A Little Love Can Go a Long Way

Life & Community, Life Coaching
There is a story about a Johns Hopkins University professor who invited his graduate students to do research on 200 boys between the ages of 12 and 16 living in impoverished circumstances.  The students were asked to investigate the boys’ backgrounds and living situations and to predict their chances for the future.  Using the methods they had been taught in school, the students compiled a great deal of data, and concluded that 90 percent of the boys would spend some time in jail.  This is what many who read today’s headlines might have expected them to find. But fortunately, the story doesn’t end there. Twenty-five years later, another group of graduate students was given the task of determining whether the prediction made earlier about the 200 boys came true.  The…
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Living Without Regrets

Life & Community, Life Coaching
As primary caregiver for his aging father, my friend Chip had to feel overwhelmed at times, yet he never complained.  He simply cherished every moment they spent together and found joy in the little things – Dad’s delight in eating chocolate pudding, a good trip to Walmart together, a week without doctor’s visits.  They were inseparable – father and son; great friends. Suddenly, Chip’s father’s health took a turn for the worse and on January 9, 2012, Chip sent me this text message: “Dad was doing well then contracted Acinetobacter – an antibiotic resistant bug/superbug.  I need you more than ever. This is most likely fatal but has been beat in some instances. Love you. Sorry to impose but your old friend needs you. Thank you.”  My response came just…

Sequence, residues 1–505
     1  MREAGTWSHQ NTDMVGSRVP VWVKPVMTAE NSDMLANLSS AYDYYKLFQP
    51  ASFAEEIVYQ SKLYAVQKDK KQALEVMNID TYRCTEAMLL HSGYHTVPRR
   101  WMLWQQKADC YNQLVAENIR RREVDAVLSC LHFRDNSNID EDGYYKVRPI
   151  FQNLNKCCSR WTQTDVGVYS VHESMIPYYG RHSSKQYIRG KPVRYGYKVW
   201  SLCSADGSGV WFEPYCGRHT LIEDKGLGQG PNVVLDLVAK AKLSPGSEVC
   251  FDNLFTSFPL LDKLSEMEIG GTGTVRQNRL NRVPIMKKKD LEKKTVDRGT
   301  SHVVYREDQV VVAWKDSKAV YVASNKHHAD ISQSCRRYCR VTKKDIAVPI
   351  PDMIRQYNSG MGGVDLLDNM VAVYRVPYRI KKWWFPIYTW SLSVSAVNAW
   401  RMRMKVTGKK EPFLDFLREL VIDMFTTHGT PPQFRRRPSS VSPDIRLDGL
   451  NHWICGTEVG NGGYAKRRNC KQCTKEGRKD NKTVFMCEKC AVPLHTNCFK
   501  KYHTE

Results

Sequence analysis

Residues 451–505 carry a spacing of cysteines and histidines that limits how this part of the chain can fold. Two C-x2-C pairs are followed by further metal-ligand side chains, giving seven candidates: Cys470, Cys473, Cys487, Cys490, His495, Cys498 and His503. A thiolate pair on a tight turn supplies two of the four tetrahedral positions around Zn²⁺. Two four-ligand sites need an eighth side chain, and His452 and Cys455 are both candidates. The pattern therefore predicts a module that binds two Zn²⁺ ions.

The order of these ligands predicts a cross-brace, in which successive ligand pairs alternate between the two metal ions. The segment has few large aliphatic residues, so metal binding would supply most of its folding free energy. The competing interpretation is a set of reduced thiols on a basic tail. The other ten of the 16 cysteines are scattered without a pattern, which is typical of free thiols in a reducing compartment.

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Stepping into the shoes of another

Life & Community, Life Coaching
It was a horrible day. My grandson was hauled off to juvenile detention and my granddaughter was picked up by Child Protective Services for neglect.  Wait! Before you become alarmed, I don’t actually have grandchildren, yet, but I had pretend ones on November 11, 2011 and I clearly wasn’t doing so well at raising them. On that day, men and women of varying races from corporate America, non-profit organizations, the community, government and small businesses in metropolitan Detroit gathered together to participate in the Eleven Project, a poverty simulation sponsored by the Coalition on Temporary Shelter (COTS) to draw attention to the challenges faced by homeless and vulnerably-housed citizens of Southeast Michigan. Upon arrival, participants were given nametags which indicated their assignments into mock families of 1-4 people.  Some families…
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